Karibu

“Karibu” (Welcome)

In the spirit of full disclosure, I have a confession to make, and you should probably be aware of it before you read this essay. I’m an unabashed advocate for Tanzania. I believe it is one of the best places on earth, and I’ll very nearly walk across hot coals to convince you to go there, or at least to part with some of your money to fund education, health care, or women’s development in Tanzania. So, consider yourself warned.

Take note, I said Tanzania was one of the best places on earth. I didn’t say it was uncomplicated, innocuous, or easy because it isn’t. It is complex, gritty, demanding, and invasive. It is the most authentic and welcoming place you can visit, and no matter how long you’re there, it will seep into your soul in ways you can’t prevent. Let me explain.

I lived in a small community in north-central Tanzania in 1999 and 2000. I was there to teach English at a secondary school for Maasai girls. It was my first “real” job out of college. I was in my mid-twenties, just as naïve as I could be, and brimming with enthusiasm for women’s rights in the developing world.

It would be impossible and unfair for me to characterize this experience in 1,000 words or less, which is why I’ve written a book about it. Suffice it to say that I’m a different person than I otherwise might have been because I lived and worked among the Maasai. Over the course of the last 15 years, I have returned many times to Tanzania and I’ve no doubt I will return again as often as time and money allow.

I truly believe that you don’t have to live in Tanzania to be affected by it; even a short visit is likely to take your breath away. My advice is to save your vacation days, sock away a few bucks (okay, more than just a few), and spend at least ten days to two weeks touring the country. Alternatively, if traveling to Tanzania isn’t in your budget, or resides outside your tolerance for adventure, consider supporting education, health care, or women’s development in Tanzania through Operation Bootstrap Africa, a U.S.-based nonprofit organization that has been working with Tanzanians for more than 50 years. Learning the story of a young Maasai girl who wants to go to school and then making that possible for her will connect you to Tanzania as much as, or more than, a trip to see its natural wonders. Or, better yet, do both. You won’t be disappointed.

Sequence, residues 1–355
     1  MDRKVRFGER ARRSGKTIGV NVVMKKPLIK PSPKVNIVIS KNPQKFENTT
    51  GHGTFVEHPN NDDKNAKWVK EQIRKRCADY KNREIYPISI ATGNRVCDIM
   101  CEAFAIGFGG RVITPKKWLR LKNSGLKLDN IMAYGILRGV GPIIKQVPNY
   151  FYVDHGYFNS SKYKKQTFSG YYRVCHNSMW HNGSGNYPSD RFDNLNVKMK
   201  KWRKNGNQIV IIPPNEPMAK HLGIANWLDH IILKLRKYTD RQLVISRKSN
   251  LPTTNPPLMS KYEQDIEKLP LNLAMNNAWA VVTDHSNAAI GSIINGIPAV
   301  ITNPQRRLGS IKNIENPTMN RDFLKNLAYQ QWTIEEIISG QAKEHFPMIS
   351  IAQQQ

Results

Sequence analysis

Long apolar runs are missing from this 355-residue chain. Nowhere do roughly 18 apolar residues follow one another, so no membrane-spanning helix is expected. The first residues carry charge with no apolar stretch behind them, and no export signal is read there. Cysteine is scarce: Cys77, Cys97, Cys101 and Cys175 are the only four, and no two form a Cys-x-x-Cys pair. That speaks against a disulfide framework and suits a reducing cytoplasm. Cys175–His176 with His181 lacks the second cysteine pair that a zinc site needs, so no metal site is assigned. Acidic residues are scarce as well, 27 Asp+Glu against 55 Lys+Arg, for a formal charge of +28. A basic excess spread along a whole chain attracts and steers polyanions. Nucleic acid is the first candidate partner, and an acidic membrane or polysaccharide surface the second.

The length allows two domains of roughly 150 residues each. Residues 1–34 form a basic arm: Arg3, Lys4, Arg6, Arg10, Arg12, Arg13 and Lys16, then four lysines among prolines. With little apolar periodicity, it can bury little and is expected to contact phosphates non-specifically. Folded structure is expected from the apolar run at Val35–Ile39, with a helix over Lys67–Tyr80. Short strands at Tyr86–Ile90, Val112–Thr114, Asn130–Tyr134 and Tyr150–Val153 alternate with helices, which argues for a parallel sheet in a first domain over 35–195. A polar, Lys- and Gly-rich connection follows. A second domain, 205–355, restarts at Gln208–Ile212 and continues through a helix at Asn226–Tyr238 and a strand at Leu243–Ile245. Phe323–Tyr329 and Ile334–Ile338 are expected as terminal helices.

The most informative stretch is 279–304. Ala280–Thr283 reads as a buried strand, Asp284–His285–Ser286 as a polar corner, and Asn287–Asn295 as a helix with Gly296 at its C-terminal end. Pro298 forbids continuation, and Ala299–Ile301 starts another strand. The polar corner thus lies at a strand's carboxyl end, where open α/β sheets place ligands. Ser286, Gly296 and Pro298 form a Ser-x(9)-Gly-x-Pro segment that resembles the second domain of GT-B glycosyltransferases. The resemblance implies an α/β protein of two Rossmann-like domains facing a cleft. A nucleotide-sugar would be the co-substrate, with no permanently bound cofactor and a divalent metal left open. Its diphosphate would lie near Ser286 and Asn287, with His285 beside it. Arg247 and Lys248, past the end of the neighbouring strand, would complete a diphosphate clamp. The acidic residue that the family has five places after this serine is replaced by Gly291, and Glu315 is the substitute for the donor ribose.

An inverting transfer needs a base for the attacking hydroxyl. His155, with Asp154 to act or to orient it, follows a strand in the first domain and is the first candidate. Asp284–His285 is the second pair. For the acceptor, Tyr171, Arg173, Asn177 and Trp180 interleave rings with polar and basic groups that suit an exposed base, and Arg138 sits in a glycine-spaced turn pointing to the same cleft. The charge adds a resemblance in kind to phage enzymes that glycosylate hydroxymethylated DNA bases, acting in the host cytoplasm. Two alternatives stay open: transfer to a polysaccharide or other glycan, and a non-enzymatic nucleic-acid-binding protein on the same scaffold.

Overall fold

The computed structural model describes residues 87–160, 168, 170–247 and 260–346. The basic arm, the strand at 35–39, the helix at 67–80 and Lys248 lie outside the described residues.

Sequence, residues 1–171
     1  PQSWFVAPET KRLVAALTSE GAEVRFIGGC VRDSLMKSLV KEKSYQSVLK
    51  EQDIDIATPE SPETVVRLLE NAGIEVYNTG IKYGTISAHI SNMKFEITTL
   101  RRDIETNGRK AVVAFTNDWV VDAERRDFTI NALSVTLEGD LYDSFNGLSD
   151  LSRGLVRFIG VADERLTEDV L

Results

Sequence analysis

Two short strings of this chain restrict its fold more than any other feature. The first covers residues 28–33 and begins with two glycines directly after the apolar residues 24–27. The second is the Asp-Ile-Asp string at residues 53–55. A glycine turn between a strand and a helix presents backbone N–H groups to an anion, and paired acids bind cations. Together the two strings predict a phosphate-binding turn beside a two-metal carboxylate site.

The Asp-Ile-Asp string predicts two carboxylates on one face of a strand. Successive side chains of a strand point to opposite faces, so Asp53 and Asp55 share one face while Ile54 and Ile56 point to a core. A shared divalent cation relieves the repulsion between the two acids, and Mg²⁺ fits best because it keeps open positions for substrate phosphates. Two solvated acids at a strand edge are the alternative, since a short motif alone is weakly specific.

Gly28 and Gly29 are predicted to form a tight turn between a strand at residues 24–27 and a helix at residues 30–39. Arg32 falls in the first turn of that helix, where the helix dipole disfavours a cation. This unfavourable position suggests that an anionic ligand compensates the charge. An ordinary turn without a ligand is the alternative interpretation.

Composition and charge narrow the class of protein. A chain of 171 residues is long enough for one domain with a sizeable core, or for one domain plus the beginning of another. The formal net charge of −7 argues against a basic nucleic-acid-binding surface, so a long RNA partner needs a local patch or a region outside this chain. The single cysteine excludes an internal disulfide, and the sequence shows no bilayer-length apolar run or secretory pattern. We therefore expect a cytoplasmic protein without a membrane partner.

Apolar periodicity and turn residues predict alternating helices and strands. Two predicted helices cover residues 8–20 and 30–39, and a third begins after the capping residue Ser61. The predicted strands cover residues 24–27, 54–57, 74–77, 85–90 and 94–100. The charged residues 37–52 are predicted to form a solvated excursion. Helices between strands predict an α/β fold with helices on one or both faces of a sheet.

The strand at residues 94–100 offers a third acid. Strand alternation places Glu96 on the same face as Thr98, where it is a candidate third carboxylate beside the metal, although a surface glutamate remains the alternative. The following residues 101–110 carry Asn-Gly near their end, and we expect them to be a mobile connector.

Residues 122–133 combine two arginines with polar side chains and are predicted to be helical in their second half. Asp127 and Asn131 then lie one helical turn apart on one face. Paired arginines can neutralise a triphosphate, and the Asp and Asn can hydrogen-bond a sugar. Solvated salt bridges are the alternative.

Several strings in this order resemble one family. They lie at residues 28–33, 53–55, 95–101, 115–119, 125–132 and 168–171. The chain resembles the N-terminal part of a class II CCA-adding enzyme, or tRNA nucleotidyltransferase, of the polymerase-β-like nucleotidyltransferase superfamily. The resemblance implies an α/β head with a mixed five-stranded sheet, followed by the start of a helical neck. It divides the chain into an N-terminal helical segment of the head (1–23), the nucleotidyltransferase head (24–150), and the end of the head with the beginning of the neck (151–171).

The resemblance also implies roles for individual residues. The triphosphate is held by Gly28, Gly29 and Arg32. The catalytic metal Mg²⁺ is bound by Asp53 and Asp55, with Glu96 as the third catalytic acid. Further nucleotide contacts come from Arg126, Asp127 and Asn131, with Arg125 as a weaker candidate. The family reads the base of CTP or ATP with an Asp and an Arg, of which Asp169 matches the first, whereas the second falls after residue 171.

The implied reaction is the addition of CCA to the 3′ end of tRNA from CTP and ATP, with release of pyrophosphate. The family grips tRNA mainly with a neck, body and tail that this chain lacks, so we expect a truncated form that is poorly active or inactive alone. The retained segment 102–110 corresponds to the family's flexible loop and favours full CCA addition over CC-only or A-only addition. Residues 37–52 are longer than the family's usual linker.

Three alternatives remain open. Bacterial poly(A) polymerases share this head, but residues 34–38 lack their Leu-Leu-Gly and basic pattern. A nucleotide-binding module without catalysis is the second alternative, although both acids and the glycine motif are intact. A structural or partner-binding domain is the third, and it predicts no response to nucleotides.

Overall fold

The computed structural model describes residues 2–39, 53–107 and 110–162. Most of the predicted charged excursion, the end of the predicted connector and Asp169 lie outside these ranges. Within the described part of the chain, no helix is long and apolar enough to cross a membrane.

Here are the country’s top destinations:
Serengeti: Consider a trip in January or February to catch the annual wildebeest migration, though the Serengeti is breathtaking any time of year. For a truly once-in-a-lifetime experience, witness the sunrise over the Serengeti Plain from the basket of a hot air balloon.

Ngorongoro Crater: See the world’s largest volcanic crater, about 13 miles across, 2,000 feet deep, and brimming with wildlife. It is an ecosystem unto itself and one of the few places on the planet where you can see the “Big Five”—lion, elephant, buffalo, leopard, and rhinoceros.

Mount Kilimanjaro: Summit Africa’s tallest mountain at 19,336 feet, or merely stand in awe of Kili’s ethereal snowcapped peak as it rises from Tanzania’s coastal plains.